ECB’s Lagarde: Global Demand and Vaccination Progress Constitute Upside Risks
8 April 2021By David Barwick – FRANKFURT (Econostream) – European Central Bank President Christine Lagarde on Thursday reiterated the ECB’s mantra of short-term economic risks being skewed to the downside, but at the same time cited some upside risks to the outlook.
In a statement made at the meeting of the International Monetary and Financial Committee and posted to the ECB’s website, Lagarde said that ‘[i]mproving global demand, also spurred by sizeable US fiscal stimulus, and the progress in vaccination campaigns constitute upside risks.’
This is a rare explicit acknowledgment of upside risks by Lagarde or indeed by any Executive Board member, top ECB officials having been harping for weeks on the downside risks in the short run and generally only conceding ‘more balanced’ medium-term prospects.
Neither at the March 11 press conference following the monetary policy meeting, nor in her appearance before European Parliament on March 18, did Lagarde mention upside risks, even if - using almost the same wording as today - she called global demand, fiscal accommodation and immunisation efforts 'encouraging'.
The mention of these factors now as clear upside risks in the context of a carefully prepared formal statement reflects the evolving view of things at the Eurotower - more meaningfully, though in the same direction, as Lagarde's remark in an interview she gave on March 31, when she went a step beyond previous wording and affirmed that in the medium term, risks are ‘much more balanced’.
In her statement to the IMFC, Lagarde retreated to the more conservative assessment of the risks as being ‘more balanced’, while again noting the near-term downside risks and calling the improved outlook ‘subject to considerable uncertainty’.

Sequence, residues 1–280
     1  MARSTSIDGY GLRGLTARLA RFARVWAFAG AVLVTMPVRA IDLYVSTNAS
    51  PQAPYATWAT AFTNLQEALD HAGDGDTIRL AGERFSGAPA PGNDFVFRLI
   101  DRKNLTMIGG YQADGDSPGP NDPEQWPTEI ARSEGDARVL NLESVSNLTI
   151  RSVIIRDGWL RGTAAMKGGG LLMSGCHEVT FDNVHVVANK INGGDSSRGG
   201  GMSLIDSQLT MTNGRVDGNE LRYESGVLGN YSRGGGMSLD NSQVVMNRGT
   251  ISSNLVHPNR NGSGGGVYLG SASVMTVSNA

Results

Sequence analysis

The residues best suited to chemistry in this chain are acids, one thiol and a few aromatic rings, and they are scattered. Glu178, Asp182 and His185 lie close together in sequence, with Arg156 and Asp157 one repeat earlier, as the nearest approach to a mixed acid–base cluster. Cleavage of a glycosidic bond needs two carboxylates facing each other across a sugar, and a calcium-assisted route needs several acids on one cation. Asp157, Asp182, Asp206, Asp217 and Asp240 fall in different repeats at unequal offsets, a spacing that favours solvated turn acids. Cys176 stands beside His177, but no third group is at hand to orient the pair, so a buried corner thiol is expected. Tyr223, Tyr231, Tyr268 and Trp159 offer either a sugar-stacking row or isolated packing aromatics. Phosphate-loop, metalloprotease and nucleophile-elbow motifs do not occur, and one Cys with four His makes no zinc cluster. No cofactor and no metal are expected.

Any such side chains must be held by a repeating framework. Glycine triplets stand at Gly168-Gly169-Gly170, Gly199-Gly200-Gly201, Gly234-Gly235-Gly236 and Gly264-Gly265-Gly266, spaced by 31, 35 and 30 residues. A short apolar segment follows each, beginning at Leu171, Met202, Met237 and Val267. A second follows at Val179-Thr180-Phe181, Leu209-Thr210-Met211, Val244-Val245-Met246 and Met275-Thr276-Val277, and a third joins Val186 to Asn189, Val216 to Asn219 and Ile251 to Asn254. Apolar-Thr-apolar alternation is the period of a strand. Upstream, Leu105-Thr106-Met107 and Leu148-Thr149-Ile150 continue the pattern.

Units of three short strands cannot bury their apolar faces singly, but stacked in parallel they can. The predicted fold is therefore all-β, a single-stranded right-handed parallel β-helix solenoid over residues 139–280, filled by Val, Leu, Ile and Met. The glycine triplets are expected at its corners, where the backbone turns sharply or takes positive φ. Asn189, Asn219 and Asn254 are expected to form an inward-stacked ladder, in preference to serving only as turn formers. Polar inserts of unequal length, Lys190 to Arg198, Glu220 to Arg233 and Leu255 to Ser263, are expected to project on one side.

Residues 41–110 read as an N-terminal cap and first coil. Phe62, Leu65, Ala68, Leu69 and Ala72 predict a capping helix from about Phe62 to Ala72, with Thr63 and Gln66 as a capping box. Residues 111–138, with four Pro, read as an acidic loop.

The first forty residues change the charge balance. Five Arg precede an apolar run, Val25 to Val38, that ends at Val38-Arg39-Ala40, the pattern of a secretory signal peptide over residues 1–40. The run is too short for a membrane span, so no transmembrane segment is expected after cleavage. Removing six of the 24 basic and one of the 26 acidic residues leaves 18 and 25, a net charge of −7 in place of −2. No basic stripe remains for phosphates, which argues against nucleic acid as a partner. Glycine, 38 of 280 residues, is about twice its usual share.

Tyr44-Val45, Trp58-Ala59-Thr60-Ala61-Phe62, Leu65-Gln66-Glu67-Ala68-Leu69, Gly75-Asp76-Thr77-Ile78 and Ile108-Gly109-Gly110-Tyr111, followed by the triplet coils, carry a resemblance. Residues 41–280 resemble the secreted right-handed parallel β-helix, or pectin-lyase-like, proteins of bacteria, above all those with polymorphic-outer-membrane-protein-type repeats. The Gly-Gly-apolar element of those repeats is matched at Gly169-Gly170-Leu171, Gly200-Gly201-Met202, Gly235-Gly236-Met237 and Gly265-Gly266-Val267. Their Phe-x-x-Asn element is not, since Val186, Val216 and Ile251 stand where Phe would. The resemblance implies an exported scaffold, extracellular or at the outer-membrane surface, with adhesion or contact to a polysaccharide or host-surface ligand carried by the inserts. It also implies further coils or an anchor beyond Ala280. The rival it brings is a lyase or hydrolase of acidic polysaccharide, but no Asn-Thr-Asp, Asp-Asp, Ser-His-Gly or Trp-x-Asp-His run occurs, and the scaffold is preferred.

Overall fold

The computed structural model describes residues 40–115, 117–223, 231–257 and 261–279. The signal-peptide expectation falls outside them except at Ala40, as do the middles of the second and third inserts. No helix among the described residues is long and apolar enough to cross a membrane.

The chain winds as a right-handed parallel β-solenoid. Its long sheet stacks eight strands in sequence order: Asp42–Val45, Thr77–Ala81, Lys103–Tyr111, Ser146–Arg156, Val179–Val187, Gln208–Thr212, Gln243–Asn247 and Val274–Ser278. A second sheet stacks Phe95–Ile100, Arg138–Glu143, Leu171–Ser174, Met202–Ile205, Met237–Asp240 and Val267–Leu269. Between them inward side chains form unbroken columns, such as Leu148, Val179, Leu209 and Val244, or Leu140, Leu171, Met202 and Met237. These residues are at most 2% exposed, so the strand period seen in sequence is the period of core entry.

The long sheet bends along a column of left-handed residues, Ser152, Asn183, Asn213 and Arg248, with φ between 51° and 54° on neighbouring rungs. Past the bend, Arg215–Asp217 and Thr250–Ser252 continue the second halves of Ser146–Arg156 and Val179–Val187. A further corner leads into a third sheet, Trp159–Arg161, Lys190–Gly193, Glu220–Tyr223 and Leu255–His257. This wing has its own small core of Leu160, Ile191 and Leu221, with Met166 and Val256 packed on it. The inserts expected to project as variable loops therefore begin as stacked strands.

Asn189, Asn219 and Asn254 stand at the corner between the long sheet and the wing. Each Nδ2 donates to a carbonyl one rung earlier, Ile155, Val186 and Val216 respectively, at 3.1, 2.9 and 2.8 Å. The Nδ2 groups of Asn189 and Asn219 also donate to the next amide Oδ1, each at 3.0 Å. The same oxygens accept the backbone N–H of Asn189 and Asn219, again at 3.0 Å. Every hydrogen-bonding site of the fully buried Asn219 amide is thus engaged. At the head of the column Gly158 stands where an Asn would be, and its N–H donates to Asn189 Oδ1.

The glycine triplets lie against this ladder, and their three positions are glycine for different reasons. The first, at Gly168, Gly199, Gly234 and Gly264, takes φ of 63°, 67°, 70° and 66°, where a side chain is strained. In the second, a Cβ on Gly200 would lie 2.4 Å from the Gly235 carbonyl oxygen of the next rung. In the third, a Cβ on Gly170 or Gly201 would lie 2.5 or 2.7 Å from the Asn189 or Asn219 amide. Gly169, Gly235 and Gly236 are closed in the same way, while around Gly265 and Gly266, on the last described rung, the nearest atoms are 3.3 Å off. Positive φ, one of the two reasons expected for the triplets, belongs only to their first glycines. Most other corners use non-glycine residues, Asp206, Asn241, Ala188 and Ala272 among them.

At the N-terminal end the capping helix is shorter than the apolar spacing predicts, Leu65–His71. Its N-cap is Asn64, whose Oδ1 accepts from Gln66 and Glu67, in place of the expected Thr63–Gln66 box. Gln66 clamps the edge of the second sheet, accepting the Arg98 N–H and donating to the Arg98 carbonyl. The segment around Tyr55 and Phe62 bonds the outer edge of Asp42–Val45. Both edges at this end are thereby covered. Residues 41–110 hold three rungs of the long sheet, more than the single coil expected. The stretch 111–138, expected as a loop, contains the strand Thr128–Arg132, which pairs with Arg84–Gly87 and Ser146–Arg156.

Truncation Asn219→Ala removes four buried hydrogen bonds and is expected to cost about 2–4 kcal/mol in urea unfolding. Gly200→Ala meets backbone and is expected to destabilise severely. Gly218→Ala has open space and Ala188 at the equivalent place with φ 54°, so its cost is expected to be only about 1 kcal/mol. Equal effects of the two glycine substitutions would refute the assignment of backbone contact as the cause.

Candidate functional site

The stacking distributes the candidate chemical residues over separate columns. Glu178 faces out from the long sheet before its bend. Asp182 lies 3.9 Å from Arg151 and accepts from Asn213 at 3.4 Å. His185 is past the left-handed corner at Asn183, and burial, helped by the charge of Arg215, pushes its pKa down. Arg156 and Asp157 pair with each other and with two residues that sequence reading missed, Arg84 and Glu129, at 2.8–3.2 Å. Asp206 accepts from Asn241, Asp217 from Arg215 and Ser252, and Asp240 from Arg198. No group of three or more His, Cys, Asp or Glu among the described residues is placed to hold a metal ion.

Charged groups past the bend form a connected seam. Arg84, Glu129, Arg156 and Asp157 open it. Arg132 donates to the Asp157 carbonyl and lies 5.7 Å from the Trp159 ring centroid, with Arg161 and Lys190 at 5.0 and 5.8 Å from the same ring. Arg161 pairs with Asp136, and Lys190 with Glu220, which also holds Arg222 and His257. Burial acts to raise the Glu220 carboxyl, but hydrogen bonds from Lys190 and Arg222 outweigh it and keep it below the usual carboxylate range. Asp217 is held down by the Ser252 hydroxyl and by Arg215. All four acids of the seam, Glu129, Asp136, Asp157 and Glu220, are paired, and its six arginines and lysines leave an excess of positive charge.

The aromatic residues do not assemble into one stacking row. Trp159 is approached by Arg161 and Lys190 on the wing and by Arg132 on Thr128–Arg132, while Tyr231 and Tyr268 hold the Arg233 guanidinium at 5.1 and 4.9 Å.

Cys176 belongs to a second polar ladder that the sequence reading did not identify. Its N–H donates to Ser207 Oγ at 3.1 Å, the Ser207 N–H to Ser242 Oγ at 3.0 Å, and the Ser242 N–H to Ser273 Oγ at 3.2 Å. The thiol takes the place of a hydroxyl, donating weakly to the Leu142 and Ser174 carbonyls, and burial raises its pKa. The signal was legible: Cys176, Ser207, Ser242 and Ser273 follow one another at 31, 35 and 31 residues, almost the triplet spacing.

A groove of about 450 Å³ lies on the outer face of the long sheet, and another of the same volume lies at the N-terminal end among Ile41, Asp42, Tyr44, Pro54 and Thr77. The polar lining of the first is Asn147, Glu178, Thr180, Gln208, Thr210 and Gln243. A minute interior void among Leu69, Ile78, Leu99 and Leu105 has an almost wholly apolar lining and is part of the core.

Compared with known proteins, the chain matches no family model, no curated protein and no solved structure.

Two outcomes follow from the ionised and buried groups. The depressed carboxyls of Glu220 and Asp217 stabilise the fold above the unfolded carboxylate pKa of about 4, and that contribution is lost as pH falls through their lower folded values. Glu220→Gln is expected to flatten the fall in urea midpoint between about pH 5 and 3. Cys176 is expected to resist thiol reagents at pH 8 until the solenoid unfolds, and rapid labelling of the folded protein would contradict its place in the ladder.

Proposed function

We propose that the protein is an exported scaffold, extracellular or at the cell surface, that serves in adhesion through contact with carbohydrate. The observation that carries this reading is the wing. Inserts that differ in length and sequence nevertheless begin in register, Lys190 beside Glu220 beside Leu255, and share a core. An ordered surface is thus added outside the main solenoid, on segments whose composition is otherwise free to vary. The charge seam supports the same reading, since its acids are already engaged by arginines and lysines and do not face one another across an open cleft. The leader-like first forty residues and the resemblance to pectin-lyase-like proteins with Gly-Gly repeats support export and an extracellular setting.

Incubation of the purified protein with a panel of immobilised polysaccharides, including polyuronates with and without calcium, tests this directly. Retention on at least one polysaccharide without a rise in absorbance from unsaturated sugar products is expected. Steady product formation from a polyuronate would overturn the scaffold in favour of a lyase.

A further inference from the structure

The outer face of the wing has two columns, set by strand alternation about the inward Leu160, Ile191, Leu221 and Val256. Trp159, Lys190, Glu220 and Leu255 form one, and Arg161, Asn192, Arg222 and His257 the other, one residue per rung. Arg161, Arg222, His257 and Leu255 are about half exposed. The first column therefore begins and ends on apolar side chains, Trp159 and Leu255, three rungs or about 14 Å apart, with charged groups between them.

‘In this environment, it is crucial to refrain from withdrawing policy support prematurely, either on the monetary or fiscal side’, she said.
She reiterated the assessment of higher euro area inflation this year as a transient phenomenon driven by factors ‘expected to fade out of annual inflation rates early next year.’ Although underlying price pressures would strengthen ‘somewhat’, the euro’s appreciation and weak wage developments would keep them ‘subdued overall’, she said.
‘Once the impact of the pandemic fades, the unwinding of the high level of slack, supported by accommodative fiscal and monetary policies, will contribute to a gradual increase in inflation over the medium term’, she said.
The envelope of the ECB’s pandemic emergency purchase programme (PEPP) need not necessarily be depleted, but can ‘equally’ be recalibrated if warranted for the sake of favourable financing conditions, she said.
These being ‘necessary to underpin economic activity and safeguard medium-term price stability’, a premature tightening at the time of the March 10-11 monetary policy meeting would have been unwarranted, she said in explaining the decision to accelerate PEPP purchases.